No, not really. But it's worse than folks around here are used to, which cause two sets of problems.
One: people don't know how to do day-to-day stuff in the snow, like drive, or shop, or whatever. A college buddy once made the observation that people run to the store to buy milk before a storm. People that haven't bought milk in the past year choose the night before a storm to load up on calcium, it seems. I didn't witness that this time around, but a couple inches of snow throws everybody into a tailspin (some more literally than others).
I came in to work yesterday, partially to get more of a feel for how my car behaves in such conditions, and I learned a few things to avoid - how steep a hill is too steep to go down too fast before losing the ability to safely stop, and so on. As I drove in, I passed people going down the highway at an angle. I think they started to spin and had marginal control over their vehicle, but couldn't quite line up the nose of their car with the actual direction of movement. Reminds me of Asteroids now that I write it down.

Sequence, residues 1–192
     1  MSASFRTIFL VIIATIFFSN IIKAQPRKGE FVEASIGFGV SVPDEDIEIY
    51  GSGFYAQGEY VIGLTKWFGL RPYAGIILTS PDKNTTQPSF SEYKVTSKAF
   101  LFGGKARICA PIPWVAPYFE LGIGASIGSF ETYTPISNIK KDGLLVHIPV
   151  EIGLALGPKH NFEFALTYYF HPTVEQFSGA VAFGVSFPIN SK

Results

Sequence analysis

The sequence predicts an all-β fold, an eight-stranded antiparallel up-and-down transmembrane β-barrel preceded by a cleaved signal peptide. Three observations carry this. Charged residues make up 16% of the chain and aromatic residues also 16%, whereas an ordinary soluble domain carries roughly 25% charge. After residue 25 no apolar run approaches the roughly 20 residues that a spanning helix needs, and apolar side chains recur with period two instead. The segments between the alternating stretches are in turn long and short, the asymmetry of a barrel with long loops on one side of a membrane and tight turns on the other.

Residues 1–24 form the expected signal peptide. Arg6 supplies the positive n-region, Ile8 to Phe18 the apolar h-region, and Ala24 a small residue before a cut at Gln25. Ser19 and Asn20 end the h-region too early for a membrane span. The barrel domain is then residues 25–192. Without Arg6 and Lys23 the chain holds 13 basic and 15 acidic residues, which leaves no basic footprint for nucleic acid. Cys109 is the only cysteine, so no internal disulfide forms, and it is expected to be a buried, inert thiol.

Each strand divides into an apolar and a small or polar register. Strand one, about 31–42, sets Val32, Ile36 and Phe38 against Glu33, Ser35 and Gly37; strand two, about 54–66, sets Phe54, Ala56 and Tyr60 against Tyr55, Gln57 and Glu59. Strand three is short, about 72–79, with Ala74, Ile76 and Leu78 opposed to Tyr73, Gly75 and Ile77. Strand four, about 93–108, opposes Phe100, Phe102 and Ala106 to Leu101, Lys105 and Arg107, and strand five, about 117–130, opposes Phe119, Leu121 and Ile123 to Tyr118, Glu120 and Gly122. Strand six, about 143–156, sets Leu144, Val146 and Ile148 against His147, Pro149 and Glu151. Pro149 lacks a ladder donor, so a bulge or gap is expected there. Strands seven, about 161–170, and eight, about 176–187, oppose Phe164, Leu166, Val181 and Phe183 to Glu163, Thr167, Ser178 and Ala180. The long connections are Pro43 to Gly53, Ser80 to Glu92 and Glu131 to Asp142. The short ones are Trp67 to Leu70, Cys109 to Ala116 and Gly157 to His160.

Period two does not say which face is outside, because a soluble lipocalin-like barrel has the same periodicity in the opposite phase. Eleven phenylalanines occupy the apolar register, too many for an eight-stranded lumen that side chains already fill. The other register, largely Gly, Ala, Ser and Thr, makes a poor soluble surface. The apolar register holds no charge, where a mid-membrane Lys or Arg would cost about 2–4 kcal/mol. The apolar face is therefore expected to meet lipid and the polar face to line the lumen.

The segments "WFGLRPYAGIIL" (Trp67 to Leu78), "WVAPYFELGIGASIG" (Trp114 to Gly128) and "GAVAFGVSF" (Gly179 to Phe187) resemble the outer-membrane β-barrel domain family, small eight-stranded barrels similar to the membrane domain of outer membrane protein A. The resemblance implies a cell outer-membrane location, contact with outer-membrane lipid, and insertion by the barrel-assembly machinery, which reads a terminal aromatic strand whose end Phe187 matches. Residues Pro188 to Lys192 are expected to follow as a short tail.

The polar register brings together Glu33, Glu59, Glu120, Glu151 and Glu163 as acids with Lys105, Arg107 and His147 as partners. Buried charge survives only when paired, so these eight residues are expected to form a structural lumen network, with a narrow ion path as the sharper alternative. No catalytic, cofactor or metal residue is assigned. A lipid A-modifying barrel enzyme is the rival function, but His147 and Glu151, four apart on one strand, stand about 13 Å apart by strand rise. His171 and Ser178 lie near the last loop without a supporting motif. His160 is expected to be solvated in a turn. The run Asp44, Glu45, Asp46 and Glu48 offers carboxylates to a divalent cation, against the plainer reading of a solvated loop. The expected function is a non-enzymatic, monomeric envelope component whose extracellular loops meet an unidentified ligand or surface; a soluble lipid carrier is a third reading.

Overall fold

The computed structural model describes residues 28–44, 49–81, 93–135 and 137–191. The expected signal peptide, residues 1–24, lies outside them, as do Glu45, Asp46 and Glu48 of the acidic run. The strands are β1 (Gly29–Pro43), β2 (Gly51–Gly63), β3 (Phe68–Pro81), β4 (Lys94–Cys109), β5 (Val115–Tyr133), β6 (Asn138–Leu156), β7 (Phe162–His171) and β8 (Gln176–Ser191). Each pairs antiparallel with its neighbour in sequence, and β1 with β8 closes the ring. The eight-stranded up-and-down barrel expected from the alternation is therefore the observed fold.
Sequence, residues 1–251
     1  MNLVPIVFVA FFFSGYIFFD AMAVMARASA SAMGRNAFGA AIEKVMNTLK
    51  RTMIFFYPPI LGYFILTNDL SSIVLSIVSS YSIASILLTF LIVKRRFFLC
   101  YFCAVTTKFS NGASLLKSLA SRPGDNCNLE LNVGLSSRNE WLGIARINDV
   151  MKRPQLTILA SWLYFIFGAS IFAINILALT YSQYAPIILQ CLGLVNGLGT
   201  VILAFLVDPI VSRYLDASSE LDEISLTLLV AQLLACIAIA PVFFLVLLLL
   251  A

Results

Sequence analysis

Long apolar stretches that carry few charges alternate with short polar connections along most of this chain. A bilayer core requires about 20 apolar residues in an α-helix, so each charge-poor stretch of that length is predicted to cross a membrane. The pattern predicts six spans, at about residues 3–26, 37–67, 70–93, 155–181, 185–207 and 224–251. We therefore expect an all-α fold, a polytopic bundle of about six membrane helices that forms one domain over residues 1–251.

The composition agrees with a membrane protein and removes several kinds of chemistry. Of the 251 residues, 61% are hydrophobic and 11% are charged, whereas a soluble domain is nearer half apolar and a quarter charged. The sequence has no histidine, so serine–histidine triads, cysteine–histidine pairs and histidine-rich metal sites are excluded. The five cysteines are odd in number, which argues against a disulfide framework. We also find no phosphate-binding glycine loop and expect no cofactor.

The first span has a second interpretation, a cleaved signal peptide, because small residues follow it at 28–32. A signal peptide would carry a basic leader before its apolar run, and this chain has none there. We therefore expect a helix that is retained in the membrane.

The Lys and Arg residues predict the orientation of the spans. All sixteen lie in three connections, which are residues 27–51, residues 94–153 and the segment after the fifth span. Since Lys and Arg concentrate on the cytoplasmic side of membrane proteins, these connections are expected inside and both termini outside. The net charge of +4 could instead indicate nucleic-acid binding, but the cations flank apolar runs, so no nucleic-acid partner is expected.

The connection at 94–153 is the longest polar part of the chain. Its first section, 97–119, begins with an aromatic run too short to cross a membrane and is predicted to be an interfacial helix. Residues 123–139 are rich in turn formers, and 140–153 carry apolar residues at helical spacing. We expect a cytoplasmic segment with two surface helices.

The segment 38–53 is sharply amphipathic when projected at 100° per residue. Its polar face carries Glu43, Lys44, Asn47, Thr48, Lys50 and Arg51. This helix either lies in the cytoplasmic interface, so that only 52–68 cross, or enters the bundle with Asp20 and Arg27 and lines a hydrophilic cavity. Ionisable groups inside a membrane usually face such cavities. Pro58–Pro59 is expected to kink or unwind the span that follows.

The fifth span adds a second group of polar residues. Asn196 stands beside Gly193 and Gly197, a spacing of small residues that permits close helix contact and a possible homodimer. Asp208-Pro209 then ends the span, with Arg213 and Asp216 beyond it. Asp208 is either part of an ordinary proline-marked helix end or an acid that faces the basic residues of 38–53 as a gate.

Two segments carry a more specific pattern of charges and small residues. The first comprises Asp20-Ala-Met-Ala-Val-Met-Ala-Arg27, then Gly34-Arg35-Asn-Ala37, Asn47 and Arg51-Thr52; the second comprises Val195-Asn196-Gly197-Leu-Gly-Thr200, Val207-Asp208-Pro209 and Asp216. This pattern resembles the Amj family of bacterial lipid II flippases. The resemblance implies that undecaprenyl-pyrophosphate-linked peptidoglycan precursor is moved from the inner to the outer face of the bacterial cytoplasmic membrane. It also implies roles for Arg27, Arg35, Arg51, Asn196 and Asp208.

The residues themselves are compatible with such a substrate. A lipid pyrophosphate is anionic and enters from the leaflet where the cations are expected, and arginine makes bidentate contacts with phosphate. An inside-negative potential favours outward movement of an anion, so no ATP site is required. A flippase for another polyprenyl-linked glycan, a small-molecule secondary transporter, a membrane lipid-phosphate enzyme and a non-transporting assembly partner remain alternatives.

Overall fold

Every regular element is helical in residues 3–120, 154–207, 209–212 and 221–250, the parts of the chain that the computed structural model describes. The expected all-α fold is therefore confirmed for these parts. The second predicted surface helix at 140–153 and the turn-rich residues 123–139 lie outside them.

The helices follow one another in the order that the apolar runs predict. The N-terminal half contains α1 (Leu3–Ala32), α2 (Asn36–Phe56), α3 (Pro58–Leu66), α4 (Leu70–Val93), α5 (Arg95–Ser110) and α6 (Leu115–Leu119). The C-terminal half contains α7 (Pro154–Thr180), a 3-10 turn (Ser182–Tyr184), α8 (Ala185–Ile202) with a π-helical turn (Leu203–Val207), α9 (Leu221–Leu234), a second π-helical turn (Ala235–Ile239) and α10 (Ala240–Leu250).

Two: given that it doesn't snow much around here, I imagine that much of the infrastructure is built without accounting for the cold. For instance, many places place power lines underground. Not us, no sir! Right up in the air where rampaging trees can have their way with the lines. And by the way, if you just bought your year's supply of milk, aren't you glad there's a power outage?
So, yes. It's a winter wonderland here, and I only half mean that ironically. I'd be much happier if my home had electricity and heat, but it's absolutely gorgeous outside. And there's not much to do at work, so I could go home without consequence...
It occurs to me that I have become spoiled. There's a woodstove in the house that I haven't used in the entire time that I've lived there. I own candles. I have plenty of non-electronic forms of amusement and embetterment. (It is too a word. Well, it should be.) There's no reason for me to be hostage to electricity.